PMW 2022-044 by Kenneth L. Gentry, Jr.
This is the second in a two-part series looking into the relationship between the Great Commission and the Cultural Mandate (Gen 1:26–28). Both mandates feed the postmillennial hope.
There are a few evangelicals who disassociate the Creation (or Cultural) Mandate from the Great Commission, which has also been called the New Creation (or Evangelistic) Mandate. This is an unfortunate mistake that detracts from the greatness of the Great Commission and a proper engagement of the Christian calling in the world. Nevertheless, the two mandates are intimately related. This may be seen from several considerations. Continue reading
PMW 2022-043 by Kenneth L. Gentry, Jr.
The Great Commission is a key text for framing in the postmillennial hope. Postmillennialism believes in the victory of the gospel throughout the world. And the Great Commission shows that Christ expected that very thing.
In this first contribution to a two-part study, I will be examining the Great Commission in the light of the Cultural Mandate (Gen 1:26–28). Postmillennialism not only expects the gospel to win the souls of men, but also their very lives and labors.
The Christian faith is concerned with the material world, the here and now. Continue reading
PMW 2021-067 by Kenneth L. Gentry, Jr.
Does the “Cultural Mandate” in Gen 1:26-28 help the postmillennial argument? Or is it “forced” evidence? One PMT reader expressed doubt that this has anything to do with the postmillennial hope. So I ask:
Does this passage speak to the postmillennial program? I believe it does. And powerfully so. Continue reading
PMW 2020-045 by Kenneth L. Gentry, Jr.
In any study of the Christian worldview there are two passages that cannot escape one’s research: Genesis 1:26-30, called the Cultural Mandate, and Matthew 28:18-20, the Evangelistic Mandate, better known as the Great Commission. We will focus on the second, emphasizing the four appearances of the word “all” in these verses. Understanding each of these four aspects will help us better undertake the task of evangelism in the business world. And this will help establish the postmillennial argument.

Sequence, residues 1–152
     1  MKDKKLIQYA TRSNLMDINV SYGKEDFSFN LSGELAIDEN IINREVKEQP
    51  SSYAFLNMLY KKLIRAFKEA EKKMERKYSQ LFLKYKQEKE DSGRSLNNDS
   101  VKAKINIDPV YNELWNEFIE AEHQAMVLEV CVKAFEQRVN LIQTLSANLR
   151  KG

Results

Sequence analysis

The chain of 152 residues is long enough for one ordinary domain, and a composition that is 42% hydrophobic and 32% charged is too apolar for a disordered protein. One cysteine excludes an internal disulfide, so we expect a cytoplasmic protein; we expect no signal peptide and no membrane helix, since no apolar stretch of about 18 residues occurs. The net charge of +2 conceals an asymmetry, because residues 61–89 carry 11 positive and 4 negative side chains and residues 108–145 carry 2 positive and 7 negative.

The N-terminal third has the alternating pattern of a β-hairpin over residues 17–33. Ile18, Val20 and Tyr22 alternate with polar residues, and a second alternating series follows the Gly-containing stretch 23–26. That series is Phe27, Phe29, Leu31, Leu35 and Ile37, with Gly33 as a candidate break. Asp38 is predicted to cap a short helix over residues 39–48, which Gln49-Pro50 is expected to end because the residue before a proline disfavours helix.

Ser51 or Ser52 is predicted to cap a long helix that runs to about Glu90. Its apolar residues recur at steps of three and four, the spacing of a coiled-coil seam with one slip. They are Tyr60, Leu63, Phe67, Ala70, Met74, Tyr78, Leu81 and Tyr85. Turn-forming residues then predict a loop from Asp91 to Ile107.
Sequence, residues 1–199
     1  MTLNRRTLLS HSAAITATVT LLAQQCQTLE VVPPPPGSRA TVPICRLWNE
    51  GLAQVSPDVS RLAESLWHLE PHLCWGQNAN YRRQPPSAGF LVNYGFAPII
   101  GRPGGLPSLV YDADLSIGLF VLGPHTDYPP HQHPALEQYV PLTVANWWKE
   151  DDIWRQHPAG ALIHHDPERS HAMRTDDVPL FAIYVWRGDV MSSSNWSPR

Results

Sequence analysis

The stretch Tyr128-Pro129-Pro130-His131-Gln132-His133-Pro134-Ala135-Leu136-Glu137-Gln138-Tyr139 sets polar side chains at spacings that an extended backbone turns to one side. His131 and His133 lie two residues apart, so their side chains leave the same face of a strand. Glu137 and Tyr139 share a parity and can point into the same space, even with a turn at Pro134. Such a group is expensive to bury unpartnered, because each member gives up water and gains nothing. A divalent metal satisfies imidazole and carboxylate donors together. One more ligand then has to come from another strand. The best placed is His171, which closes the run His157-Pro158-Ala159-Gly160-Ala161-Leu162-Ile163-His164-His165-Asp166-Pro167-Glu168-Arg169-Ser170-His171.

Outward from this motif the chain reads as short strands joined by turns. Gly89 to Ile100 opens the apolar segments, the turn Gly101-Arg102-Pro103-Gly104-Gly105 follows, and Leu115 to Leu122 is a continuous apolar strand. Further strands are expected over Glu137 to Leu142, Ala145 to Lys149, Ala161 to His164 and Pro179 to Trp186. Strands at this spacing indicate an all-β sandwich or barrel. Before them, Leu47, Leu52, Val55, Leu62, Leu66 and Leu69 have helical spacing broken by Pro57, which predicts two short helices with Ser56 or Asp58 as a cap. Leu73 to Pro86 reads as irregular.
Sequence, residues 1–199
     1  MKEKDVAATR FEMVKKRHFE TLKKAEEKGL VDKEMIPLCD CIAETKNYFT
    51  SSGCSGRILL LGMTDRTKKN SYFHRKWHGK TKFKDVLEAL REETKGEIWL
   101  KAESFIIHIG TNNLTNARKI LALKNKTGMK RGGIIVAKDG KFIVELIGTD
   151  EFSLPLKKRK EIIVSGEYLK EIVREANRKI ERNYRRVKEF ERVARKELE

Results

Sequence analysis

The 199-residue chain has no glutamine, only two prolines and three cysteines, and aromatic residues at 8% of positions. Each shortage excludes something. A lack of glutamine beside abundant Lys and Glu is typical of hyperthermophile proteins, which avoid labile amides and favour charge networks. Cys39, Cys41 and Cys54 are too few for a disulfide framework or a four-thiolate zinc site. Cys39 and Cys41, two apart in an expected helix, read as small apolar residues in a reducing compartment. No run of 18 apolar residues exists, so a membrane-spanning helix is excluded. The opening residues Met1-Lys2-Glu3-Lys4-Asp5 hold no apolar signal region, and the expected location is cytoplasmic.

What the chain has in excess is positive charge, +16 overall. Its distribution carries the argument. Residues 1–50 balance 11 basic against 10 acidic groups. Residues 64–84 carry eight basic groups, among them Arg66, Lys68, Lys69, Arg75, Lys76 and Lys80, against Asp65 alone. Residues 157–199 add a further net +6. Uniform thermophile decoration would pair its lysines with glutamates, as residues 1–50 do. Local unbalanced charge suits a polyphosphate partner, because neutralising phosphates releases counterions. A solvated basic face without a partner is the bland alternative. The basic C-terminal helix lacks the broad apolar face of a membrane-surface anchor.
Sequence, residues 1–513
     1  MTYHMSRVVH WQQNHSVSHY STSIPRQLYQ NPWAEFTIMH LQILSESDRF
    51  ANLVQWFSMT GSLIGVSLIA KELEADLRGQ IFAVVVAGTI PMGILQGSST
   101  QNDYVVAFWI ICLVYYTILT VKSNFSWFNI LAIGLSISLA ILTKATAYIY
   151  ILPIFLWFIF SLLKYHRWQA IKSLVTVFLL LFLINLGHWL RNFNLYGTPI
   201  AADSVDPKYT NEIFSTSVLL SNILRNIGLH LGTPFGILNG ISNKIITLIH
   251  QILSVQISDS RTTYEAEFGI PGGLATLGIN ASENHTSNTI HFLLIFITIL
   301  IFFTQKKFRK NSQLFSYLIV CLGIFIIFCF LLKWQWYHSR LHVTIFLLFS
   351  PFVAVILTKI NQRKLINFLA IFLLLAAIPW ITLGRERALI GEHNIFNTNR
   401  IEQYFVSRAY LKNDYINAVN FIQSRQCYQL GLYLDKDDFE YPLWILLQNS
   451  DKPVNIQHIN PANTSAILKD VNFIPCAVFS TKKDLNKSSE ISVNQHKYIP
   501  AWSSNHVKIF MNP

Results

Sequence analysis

It is extremely important to remember that the Great Commission is given after the resurrection. Prior to the resurrection, a frequent refrain of Christ was: “I can do nothing of Myself” (John 5:19; 8:28; 12:49; etc). But now after the resurrection, Christ says, “All authority has been given to Me in heaven and on earth” (Matthew 28:18). This grant of “all authority in heaven and on earth” is given by the Father, who according to similar terminology in Matthew 11:25, Acts 17:24, and elsewhere, is called “Lord of heaven and earth.” Continue reading
PMT 2013-012 by Kenneth L. Gentry, Jr.
In my last article I provided a brief study of the significance of covenant to postmillennialism. In this one I will continue that by looking at the Noahic Covenant. As we might expect, Noah was a postmillennialist. And probably Mrs. Noah (since they seem to have gotten along well).
In the Noahic Covenant appear various features which undergird the postmillennial hope of victory in history. We find this particularly in Genesis 6:17–22 and 8:20–9:17. Here God reaffirms the Cultural Mandate, which is fundamental to the outworking of his eschatological purpose through his highest creature, man. Thus, we are witnessing God’s continuing gracious redemptive relation to man as the ongoing basis of the Cultural Mandate. We see this also in the references to the birds, cattle, etc. (cp. Gen 6:20; 8:17 with Gen 1:24, 25), the command to “be fruitful and multiply” (Gen 9:1, 7 with Gen 1:28), and the dominion concept (cf. Gen 9:2 with Gen 1:28). This is necessary to the redemptive-historical character of eschatology. Continue reading